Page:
“It’s a real privilege to have the Walker Cup at Merion and to have a Merion member as the defending captain,” Whitaker said in an e-mail to the Associated Press. “Though not as popular as the Ryder Cup, the Walker Cup is one of the last important amateur events left on the sports calendar. … It once again defines the word amateur as being one who does it for the love of the game, not one who does something poorly.”

While speaking of all amateurs, Whitaker’s comment best describes Marucci.

Once best known as the 43-year-old opponent who lost to Tiger Woods on the last hole of the 36-hole final of the 1995 U.S. Amateur, Marucci, a lifelong amateur, has found success late in his golf career.

A participant in more than 50 USGA events, including 18 U.S. Amateurs, Marucci broke through for his only national championship in 2008 at the Senior Amateur Championship.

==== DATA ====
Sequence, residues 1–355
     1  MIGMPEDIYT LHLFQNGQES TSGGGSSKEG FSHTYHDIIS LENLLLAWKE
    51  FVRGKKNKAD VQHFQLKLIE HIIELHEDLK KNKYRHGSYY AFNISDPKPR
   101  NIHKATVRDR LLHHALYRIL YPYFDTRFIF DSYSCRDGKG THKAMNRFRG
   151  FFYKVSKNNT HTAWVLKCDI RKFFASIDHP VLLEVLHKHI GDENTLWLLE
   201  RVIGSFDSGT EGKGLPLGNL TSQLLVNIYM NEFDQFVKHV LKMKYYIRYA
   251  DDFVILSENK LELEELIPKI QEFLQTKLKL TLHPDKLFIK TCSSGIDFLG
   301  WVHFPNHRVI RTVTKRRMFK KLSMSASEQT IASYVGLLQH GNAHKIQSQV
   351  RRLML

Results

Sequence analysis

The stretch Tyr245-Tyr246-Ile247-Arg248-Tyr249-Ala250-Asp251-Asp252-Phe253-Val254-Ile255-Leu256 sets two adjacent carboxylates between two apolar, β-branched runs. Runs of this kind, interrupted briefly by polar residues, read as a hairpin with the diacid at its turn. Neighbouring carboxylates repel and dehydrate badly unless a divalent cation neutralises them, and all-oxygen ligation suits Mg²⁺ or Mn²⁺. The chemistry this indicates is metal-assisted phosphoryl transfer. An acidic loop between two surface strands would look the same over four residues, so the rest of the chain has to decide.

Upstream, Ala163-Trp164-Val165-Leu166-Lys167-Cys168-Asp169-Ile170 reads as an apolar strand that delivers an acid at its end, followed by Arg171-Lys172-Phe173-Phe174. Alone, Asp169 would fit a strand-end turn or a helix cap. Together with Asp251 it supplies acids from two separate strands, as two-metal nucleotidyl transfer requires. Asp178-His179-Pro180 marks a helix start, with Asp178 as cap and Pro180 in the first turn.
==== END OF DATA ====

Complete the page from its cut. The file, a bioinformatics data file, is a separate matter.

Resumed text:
He played for the U.S. Walker Cup team in 1995 and ’97, and compiled a 3-0 record in alternate-shot matches and a 1-1-1 singles mark.

Marucci’s interest in competitive golf began innocently enough. The 8-year-old sneaked onto the East Course in 1960 and watched Jack Nicklaus and a team of Americans win the Eisenhower Cup in the World Amateur Team Championship.

“I think that is the first time I realized that something like that existed,” Marucci said. “I can’t tell you that I understood what was going on, but I kind of liked it.”

Marucci got serious about golf in high school and had a solid college career at Maryland.

He chose the business world over the nomadic life of a pro golfer, a decision that was made easier when he considered the talent of his peers.

“My era was (Ben) Crenshaw, (Tom) Kite and Lanny Wadkins,” Marucci said. “I was smart enough to know those guys were a lot better than I was. … It was more of a lifestyle issue than anything else. I just don’t think I would have enjoyed it.”

Marucci went to work for his father’s CPA firm out of college, and then worked for a few years on Wall Street. He returned to the Philadelphia area to get involved in commercial real estate development, a move that allowed him time to get back into golf.